NOSSCR Conference Review (2012)
The Importance of Social Security Disability Program
Welcome to the first installment of my blog, Social Security Disability News, for the Law Office of Richard A. Gutstadt, P.C. As you know, our firm is dedicated to representing Social Security Disability Claimants in their fight to obtain disability benefits. It has now been 16 months since I began working for Mr. Gutstadt in July of 2011, and I have become deeply entrenched in the practice of disability law.
Recently, Mr. Gutstadt and I attended the 2012 (fall) National Organization of Social Security Claimant’s Representatives (NOSSCR) conference. NOSSCR, established in 1979, is a professional organization of over 4,000 attorneys and other advocates committed to representing individuals trying to obtain their disability benefits. You can read more about this amazing organization here.
This year’s gathering took place in Seattle (WA), and Mr. Gutstadt and I were fortunate enough to attend together, being able to take full advantage of the extensive number of presentations on a wide array of topics. For those attorneys and advocates who specialize in practicing Social Security disability law, these conferences provide information and insight not only into the “nuts and bolts” of practice, but also on emerging political and legal issues at the forefront of disability law.
One of this year’s most interesting presentations was called “Defending Disability Insurance” by Ms. Kathy Ruffing, Senior Fellow at the Center on Budget and Policy Priorities. Ms. Ruffing’s presentation addressed and dispelled many of the myths and misconceptions put forth by critics of the Social Security Disability program. A summary of some of the more important points of Ms. Ruffing’s presentation are as follows:
Myth: Americans are increasingly dependent on Social Security Disability benefits.
Fact: Although there has been some increase in the percentage ofAmericans receiving disability benefits, there are main 3 reasons for this: (1) Baby boomers (born 1946-1964) have aged in to their high-disability years; (2) during this same time more women entered the workforce and have begun to qualify for disability benefits; and (3) the Social Security retirement age rose from 65 to 66. When these reasons are taken into account, the rise in disability benefits appears far less dramatic.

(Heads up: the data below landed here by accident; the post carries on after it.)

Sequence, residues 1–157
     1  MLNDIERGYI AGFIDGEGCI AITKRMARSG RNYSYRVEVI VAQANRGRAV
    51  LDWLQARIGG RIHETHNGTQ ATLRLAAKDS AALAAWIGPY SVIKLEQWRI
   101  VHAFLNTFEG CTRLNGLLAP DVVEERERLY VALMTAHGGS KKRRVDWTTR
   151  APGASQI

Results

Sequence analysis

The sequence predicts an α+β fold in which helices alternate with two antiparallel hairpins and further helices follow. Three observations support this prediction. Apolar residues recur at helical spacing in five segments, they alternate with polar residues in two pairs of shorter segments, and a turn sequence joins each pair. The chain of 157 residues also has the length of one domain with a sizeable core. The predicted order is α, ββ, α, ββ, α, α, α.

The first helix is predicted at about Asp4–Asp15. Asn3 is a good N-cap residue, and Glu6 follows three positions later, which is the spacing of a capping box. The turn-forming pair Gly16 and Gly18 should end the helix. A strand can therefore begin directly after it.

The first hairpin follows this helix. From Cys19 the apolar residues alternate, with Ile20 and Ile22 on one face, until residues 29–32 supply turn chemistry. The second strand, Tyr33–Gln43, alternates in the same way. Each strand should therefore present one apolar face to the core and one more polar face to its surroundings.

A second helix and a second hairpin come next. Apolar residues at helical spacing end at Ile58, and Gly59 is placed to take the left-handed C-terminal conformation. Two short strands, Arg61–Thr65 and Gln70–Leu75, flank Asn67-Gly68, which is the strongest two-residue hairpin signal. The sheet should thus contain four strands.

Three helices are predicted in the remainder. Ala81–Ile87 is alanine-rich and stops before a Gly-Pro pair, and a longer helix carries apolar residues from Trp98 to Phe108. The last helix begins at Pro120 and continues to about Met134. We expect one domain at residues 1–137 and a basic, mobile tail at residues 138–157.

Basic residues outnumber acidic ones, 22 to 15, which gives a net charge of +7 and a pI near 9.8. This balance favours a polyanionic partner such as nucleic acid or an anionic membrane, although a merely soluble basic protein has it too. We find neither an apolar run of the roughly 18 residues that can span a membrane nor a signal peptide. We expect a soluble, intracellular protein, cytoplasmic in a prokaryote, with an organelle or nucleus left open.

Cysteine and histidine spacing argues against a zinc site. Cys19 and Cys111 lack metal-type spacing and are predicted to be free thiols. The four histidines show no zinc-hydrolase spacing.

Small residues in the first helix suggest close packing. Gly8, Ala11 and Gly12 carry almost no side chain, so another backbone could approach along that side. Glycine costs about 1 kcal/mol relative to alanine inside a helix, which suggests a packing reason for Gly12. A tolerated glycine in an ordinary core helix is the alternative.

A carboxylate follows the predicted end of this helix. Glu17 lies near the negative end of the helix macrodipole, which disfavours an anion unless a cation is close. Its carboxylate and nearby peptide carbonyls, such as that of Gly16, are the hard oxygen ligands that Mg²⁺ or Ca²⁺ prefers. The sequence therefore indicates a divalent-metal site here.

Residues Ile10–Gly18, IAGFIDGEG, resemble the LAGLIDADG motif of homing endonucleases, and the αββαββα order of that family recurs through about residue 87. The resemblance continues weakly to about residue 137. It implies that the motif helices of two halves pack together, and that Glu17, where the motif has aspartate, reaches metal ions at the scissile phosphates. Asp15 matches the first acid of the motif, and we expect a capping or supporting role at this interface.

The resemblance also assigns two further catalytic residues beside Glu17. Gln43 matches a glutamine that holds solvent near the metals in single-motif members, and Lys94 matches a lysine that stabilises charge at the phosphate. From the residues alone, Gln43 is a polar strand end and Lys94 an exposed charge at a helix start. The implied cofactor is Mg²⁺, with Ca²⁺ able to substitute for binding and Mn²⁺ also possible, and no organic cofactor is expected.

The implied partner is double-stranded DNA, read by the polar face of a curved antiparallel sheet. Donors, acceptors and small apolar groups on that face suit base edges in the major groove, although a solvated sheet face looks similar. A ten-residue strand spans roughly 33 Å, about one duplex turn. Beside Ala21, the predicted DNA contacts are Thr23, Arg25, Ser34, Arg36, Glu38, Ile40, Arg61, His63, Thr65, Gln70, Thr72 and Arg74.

Myth: The Social Security Disability (DI) program is going bankrupt and will not be able to pay benefits to those in need.
Fact: Bankruptcy is a loaded term. The DI program is financed chiefly through FICA taxes. Under current policies, the DI program faces sustained deficits and faces insolvency as early as 2016 when its portion of the Social Security trust fund will be depleted. At this point, if policy makers refuse to take action, benefits would be cut to whatever level could be recovered by incoming tax receipts. Current cuts in benefits would likely be around 21% and could increase to 25% in later years. Policy makers have options at their disposal, as they have utilized in the past, to ensure that recipients’ full benefits will be paid.
Myth: Disability benefits are easy to obtain.
Fact: To qualify for DI benefits, an individual must meet several criteria. First, the individual must be both fully insured and disability insured. Being fully insured means having worked one-quarter of one’s adult life, and being disability insured means having worked 5 out of the last 10 years. An individual must also have a “severe, medical determinable physical or mental impairment that is expected to last 12 months or result in death.” The individual must also have the inability to perform “substantial gainful activity” – i.e. be unable to work a full-time job. There are also additional criteria based on an individual’s age, educational level, and ability to perform physically and/or mentally that the Social Security Administration must take into account before an individual may receive DI benefits.
The DI portion of the Social Security program provides modest benefits to individuals who have become unable to work due to a debilitating physical and/or psychological condition(s). It is not intended to replace a salary earned from full or part-time employment. Rather, it is an important safety net for individuals in our society who have ceased to be able to support themselves through working.
All in all, this year’s NOSSCR conference provided a wealth of information on many areas of Social Security Disability practice – a large, complex, and continuously evolving area of administrative law. Please check back in the near future for new posts which will provide resources and insight into the many facets of the Social Security Disability program.
Discussion of myths/facts no.’s 1-3 are based on the following: Defending Disability Insurance, Kathy Ruffing, Senior Fellow at the Center on Budget and Policy Priorities, Electronic NOSSCR Materials, Seattle, WA, October 2010, p. 279 – 314.